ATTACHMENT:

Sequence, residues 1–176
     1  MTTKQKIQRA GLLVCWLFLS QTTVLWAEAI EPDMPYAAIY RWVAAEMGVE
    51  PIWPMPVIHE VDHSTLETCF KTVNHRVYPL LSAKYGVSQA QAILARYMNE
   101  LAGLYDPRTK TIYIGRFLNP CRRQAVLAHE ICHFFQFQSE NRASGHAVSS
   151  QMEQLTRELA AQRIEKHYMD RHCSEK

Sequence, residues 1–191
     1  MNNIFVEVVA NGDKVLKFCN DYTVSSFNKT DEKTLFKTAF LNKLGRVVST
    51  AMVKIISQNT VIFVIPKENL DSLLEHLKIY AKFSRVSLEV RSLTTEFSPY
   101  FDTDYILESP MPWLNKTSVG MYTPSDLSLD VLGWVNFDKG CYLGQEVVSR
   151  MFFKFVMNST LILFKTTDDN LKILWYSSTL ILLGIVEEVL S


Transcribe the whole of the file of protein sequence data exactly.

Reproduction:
Sequence, residues 1–176
     1  MTTKQKIQRA GLLVCWLFLS QTTVLWAEAI EPDMPYAAIY RWVAAEMGVE
    51  PIWPMPVIHE VDHSTLETCF KTVNHRVYPL LSAKYGVSQA QAILARYMNE
   101  LAGLYDPRTK TIYIGRFLNP CRRQAVLAHE ICHFFQFQSE NRASGHAVSS
   151  QMEQLTRELA AQRIEKHYMD RHCSEK

Sequence, residues 1–191
     1  MNNIFVEVVA NGDKVLKFCN DYTVSSFNKT DEKTLFKTAF LNKLGRVVST
    51  AMVKIISQNT VIFVIPKENL DSLLEHLKIY AKFSRVSLEV RSLTTEFSPY
   101  FDTDYILESP MPWLNKTSVG MYTPSDLSLD VLGWVNFDKG CYLGQEVVSR
   151  MFFKFVMNST LILFKTTDDN LKILWYSSTL ILLGIVEEVL S